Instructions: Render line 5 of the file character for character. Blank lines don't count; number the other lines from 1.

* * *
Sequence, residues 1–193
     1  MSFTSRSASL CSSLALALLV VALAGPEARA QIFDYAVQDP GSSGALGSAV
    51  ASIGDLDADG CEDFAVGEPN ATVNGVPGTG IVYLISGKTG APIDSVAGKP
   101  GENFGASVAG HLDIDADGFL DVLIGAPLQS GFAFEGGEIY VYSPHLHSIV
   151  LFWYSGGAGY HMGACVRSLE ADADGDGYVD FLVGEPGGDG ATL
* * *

   151  LFWYSGGAGY HMGACVRSLE ADADGDGYVD FLVGEPGGDG ATL